Bayer Corporation v. Union of India, et al.

Writ Petition No. 1323 of 2013
Download Judgment: English

Bayer Corporation (Bayer) challenged the order(s) of 2012 and 2013 passed by the relevant statutory authority, the Controller of Patents (the Controller), granting a Compulsory License to Natco Pharmaceuticals Limited (Natco) of the drug Nexavar.

Bayer developed the drug to treat patients suffering from kidney cancer. In 2008, the Controller granted a patent to Bayer giving Bayer the exclusive right to make, manufacture, use, and sell the drug in India.

In 2008, Natco applied to the Controller under section 84(1) of the Patent Act 1970 for a compulsory license to make/manufacture and sell the drug in India. Natco’s application was on the basis that all the relevant conditions for the grant of a Compulsory License were fulfilled, i.e that the reasonable requirement of the public with regard to the drug was not being satisfied; that the drug was not available to the public as a reasonably affordable price; and that the drug was not worked in the territory of India.  In March 2012, the Controller granted a Compulsory License to Natco to make, manufacture and sell the patented drug.  Bayer challenged the Compulsory License in 2013, but the court upheld the order granted by the Controller.

Bayer filed a case in the High Court challenging the Compulsory License on the basis that the orders granted by the Controller were without jurisdiction.

The Court held that it had no reason to overturn the Compulsory License granted to Natco by the Controller. The Court reasoned that the Compulsory License should not be overturned for the following reasons:

  • Natco had made efforts to obtain a voluntary license from Bayer under Section 84(6) of the Act.
  • The reasonable requirement of the public for the patented drug had not been satisfied by Bayer. The court pointed to evidence that 8,842 patients could require the drug, but only 593 boxes of the medicine had been sold.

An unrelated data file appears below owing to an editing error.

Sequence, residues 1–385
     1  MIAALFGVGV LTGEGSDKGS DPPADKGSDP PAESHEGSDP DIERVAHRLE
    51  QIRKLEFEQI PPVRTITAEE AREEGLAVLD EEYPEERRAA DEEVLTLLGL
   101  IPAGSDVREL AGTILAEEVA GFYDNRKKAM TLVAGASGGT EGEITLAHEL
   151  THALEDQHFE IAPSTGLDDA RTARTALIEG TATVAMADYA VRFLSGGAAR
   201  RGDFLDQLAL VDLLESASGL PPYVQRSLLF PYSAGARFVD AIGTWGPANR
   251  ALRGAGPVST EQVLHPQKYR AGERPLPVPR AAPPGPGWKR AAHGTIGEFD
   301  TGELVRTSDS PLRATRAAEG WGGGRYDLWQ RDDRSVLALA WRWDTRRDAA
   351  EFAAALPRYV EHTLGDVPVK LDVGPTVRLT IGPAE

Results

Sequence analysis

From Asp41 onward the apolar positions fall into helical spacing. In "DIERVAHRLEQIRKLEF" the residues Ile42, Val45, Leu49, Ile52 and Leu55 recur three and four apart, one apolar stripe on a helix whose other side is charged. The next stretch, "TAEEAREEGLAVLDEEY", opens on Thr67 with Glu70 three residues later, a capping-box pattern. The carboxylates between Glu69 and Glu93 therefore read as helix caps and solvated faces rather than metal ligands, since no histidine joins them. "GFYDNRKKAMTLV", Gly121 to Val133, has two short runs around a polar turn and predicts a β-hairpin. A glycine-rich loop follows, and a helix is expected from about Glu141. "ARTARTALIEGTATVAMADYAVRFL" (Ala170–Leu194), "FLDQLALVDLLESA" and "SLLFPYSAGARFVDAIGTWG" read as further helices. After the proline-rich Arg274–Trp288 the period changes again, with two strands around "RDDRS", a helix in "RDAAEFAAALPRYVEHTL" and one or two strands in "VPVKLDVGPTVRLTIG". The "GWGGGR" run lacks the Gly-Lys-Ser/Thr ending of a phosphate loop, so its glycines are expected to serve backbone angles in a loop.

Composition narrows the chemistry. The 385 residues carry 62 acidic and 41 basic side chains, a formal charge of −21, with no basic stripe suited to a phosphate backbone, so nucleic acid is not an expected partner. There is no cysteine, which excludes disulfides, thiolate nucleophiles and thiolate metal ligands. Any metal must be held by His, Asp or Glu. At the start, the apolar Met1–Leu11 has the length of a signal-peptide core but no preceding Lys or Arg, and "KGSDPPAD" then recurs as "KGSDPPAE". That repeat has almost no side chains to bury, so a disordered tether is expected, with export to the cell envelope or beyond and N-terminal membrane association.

• Bayer was not making the medicine available to the public at a reasonably affordable price.
  • In order for the drug to work in India, it did not necessarily need to be manufactured in India but could be imported.
  • There was no merit in the assertion that the Controller should have stayed the application until Bayer had time to work the patented drug on a commercial scale in India.

The Court also held that with reference to Article 31 of Trade Related Aspects of Intellectual Property Rights (TRIPS), the patent holder had been granted adequate remuneration for the giving of the Compulsory License to Natco.

“[T]he total availability would be only for 5279 packets which even according to the figures of petitioner would not any where meet the annual requirements of the patients. Thus, the reasonable requirement of the public with regard to the patented drug has not been satisfied.” Para. 13(c).

“Whether the invention is being worked in territory of India has to be looked at through the prism of Section 83 of the Act which contains the legislative guidelines to govern the meaning of the words ‘worked in the territory’ of India… where a patent holder satisfies the authorities, the reason why the patented invention could not be manufactured in India then the patented invention can be considered as having been worked in the territory in India even by import.” Para. 15(b).

View full summary and print   |   Download summary as PDF